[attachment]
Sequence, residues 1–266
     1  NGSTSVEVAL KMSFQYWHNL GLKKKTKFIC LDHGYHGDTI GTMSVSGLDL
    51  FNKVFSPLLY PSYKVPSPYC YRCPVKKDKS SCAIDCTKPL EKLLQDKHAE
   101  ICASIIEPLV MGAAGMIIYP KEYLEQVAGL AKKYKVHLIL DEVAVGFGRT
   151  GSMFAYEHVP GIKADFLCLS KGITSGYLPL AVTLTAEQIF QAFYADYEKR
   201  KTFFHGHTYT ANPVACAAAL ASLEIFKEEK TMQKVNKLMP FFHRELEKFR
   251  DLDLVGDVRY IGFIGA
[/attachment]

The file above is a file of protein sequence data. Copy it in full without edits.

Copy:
Sequence, residues 1–266
     1  NGSTSVEVAL KMSFQYWHNL GLKKKTKFIC LDHGYHGDTI GTMSVSGLDL
    51  FNKVFSPLLY PSYKVPSPYC YRCPVKKDKS SCAIDCTKPL EKLLQDKHAE
   101  ICASIIEPLV MGAAGMIIYP KEYLEQVAGL AKKYKVHLIL DEVAVGFGRT
   151  GSMFAYEHVP GIKADFLCLS KGITSGYLPL AVTLTAEQIF QAFYADYEKR
   201  KTFFHGHTYT ANPVACAAAL ASLEIFKEEK TMQKVNKLMP FFHRELEKFR
   251  DLDLVGDVRY IGFIGA